Reshaping Society Through Blended Finance


Veena Lakhwani


The potential impact a blended finance structure could have on mobilising funds to address the most pressing issues, including eradicating extreme poverty, combating climate change, enhancing the healthcare system, and many others, are the ones we often hear about. Unfortunately, despite its ability to improve standards at many levels, only a little progress has been made, and it is now time to walk the talk.

The concept of blended finance is being used as a means to reform society by providing access to capital to those who have historically been left out or have limited access to financial resources. It combines public and private funds to support projects, ventures, and investments in the public interest, creating the prospect to create a lasting impact and build a more equitable and sustainable world.

Why is blended finance needed?

The need for blended finance is to provide a mechanism to combine public and private resources to enable projects with development outcomes. It helps to bridge the gap between private sector returns and social returns. This is especially useful in times of economic turbulence as it provides an extra layer of resilience.

Stakeholders must adopt a collaborative strategy in order to fully harness the power of blended finance and realise its competence to significantly enhance the lives of the masses. Through this, we may achieve great success in transforming society and improving population outcomes by making wise investments.

Its demand has become evident as development aid and philanthropy fall short in fulfilling the immense requirements of social and economic revolution across the globe.

Our approach

Understanding the need for cutting-edge financing strategies like blended finance, FinX Investments, a leading investment banking firm for more than a decade, serves as a catalyst and plays a crucial role in locating the right lenders for the right borrowers. In addition to looking at private sector lenders as a potential source of additional funding, it evaluates their contribution to building and executing creative business solutions.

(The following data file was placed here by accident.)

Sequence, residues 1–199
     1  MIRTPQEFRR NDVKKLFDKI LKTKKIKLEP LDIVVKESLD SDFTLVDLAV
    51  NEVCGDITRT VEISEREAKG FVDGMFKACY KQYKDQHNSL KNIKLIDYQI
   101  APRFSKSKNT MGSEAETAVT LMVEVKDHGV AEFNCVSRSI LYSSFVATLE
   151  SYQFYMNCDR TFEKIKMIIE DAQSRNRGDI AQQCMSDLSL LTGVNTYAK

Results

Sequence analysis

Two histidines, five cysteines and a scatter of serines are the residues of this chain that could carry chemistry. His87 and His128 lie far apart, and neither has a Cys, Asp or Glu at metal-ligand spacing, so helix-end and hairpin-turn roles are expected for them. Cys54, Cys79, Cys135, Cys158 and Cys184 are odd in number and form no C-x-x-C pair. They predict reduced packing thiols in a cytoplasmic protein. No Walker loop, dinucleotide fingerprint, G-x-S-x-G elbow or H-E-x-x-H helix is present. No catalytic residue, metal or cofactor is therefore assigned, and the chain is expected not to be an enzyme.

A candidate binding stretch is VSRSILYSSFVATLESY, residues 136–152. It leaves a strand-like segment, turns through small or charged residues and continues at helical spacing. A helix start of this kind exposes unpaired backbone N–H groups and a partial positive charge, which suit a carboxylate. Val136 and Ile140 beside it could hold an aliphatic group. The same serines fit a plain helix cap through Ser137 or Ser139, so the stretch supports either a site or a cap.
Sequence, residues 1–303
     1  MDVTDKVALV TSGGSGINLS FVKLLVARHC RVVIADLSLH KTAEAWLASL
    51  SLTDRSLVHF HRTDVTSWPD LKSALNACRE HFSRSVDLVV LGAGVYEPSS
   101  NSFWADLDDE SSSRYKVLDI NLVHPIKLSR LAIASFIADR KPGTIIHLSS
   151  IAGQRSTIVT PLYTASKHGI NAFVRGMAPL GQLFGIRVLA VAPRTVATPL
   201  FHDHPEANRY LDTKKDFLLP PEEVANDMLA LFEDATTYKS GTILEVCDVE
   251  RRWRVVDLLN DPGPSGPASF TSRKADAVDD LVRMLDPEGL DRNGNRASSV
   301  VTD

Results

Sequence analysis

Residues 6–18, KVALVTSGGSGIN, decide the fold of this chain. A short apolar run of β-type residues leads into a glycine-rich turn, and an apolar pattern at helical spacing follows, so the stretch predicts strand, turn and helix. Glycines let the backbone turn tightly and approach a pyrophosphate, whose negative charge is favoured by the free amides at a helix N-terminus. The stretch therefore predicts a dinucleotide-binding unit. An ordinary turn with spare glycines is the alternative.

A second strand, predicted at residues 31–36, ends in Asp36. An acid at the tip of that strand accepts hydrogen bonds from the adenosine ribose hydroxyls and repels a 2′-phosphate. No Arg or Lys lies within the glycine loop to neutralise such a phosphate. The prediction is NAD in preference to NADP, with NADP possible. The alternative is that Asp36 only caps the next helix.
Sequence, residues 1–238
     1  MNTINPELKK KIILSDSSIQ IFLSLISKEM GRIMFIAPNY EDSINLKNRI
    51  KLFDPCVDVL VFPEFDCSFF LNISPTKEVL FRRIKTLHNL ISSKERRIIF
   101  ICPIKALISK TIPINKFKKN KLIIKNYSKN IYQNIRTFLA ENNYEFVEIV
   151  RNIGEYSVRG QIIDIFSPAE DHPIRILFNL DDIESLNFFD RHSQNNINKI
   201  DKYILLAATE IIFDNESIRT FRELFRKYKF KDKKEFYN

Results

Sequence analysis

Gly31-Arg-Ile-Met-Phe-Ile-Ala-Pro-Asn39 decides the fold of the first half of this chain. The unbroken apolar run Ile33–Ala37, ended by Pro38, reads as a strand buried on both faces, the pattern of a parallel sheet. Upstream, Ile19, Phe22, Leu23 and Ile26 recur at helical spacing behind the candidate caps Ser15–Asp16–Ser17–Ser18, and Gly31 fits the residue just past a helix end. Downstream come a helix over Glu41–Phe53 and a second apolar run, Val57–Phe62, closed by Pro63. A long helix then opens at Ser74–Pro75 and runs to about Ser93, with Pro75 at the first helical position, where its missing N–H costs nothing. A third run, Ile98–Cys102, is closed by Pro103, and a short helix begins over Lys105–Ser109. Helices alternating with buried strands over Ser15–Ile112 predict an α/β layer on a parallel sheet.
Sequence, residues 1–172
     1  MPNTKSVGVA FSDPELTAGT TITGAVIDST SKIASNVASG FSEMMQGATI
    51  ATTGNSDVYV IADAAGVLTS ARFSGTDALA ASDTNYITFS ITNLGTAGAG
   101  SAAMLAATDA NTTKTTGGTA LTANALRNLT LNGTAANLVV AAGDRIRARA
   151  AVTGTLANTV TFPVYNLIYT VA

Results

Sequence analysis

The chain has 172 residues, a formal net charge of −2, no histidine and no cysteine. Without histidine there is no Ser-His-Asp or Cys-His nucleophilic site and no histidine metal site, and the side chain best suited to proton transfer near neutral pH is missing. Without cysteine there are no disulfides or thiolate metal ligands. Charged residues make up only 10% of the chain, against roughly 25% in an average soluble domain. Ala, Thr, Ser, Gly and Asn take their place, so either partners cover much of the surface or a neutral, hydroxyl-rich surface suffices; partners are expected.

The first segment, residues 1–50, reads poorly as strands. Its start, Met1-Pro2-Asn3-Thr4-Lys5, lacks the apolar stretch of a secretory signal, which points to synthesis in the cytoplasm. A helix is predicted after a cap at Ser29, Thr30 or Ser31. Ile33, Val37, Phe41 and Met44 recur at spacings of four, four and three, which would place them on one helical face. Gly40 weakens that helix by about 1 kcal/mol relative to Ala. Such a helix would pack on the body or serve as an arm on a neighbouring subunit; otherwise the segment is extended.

Opportunities, risks, and challenges

A wide range of private entities, from corporate to philanthropic investors, are also involved in blended finance. Institutional investors, such as sovereign wealth funds or pension funds, typically have access to enormous amounts of capital, and as a result, their investment strategies have a substantial impact on the market. Under the scope of blended finance, banks can offer debt funding. Corporations can contribute to it by making investments, for instance expanding their infrastructure, education, or health services via equity financing, as well as by creating new products and services that deal with concerns related to sustainable development. Due to their relative lack of risk aversion and readiness to invest in cutting-edge company ideas and financing strategies, private philanthropy also contributes to development finance.

However, there are certain risks that must be assessed when engaging in a blended finance project. These include the risk of overextending resources, the risk of political interference, and the risk of misallocating resources. As such, it is important to assess these risks and ensure that they are managed to the best of the investor’s ability.

Despite going beyond finance and providing more than just capital, it has been challenging to achieve the necessary scale and desired impact that blended finance offers to support the fulfilment of the SDGs due to the lack of a widely accepted definition of the term and its key concepts, as well as a prevalent and integrated outcomes structure, monitoring and evaluation, quality standards, and data analysis.

Blended finance: Making it work for the SDGs

It is generally agreed that public resources won’t be enough to close the investment gap needed to meet Sustainable Development Goals (SDGs). According to the United Nations Trade and Development Report 2022, forty-six developing countries are subjected to severe financial pressures because of the high cost of food, fuel, and borrowing; more than twice that number are vulnerable to at least one of those threats. The probability of a widespread developing country debt crisis, and a potentially lost decade, therefore, is very real, as is the risk of not meeting the SDGs by the end of the decade.